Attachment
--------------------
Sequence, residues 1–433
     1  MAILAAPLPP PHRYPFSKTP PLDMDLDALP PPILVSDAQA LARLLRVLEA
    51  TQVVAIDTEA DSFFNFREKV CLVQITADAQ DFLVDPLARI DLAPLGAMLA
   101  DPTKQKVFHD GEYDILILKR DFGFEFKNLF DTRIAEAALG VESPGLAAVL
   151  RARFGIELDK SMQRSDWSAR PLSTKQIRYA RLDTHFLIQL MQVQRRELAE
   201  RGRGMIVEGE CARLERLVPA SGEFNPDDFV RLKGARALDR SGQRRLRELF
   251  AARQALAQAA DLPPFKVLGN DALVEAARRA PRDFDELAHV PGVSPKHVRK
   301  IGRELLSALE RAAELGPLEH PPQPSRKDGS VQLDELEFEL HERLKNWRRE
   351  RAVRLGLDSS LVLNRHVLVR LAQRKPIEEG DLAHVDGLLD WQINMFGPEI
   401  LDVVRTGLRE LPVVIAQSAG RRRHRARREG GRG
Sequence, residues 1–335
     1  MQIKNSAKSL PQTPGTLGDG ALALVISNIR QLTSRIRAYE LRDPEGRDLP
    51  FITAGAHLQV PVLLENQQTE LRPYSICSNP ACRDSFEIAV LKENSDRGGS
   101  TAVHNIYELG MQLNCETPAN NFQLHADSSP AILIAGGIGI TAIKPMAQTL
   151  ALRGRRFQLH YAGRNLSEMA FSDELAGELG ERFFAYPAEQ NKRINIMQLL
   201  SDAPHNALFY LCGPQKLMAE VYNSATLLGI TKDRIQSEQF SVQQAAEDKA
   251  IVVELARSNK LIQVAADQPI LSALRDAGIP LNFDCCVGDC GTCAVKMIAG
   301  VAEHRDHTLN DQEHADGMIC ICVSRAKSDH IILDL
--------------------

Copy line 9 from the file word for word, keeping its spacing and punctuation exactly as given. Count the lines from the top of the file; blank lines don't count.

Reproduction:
   351  RAVRLGLDSS LVLNRHVLVR LAQRKPIEEG DLAHVDGLLD WQINMFGPEI